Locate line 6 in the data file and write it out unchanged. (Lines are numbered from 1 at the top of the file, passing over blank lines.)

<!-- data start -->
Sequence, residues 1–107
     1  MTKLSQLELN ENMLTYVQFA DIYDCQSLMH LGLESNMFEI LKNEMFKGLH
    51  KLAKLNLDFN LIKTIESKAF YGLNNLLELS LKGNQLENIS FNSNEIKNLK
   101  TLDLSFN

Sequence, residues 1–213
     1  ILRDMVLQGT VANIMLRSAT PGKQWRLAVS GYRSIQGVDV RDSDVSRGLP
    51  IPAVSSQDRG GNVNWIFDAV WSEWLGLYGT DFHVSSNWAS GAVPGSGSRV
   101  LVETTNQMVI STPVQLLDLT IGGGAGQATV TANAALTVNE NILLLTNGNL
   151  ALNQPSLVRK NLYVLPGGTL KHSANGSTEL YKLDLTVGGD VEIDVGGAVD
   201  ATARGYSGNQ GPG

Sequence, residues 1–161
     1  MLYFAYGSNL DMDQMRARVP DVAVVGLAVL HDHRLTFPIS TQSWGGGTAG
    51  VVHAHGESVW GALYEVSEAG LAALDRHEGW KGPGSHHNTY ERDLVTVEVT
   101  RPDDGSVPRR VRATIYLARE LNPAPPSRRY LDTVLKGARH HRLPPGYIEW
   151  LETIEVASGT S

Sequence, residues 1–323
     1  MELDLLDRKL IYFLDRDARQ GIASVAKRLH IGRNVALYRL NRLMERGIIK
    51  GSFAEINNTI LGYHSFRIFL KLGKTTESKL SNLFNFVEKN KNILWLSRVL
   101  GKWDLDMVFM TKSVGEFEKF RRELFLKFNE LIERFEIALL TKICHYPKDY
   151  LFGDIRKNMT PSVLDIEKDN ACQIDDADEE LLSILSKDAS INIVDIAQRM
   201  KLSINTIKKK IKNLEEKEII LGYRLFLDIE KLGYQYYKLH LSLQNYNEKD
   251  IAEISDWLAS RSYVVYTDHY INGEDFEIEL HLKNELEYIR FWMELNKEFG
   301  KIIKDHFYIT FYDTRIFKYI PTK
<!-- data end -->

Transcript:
     1  ILRDMVLQGT VANIMLRSAT PGKQWRLAVS GYRSIQGVDV RDSDVSRGLP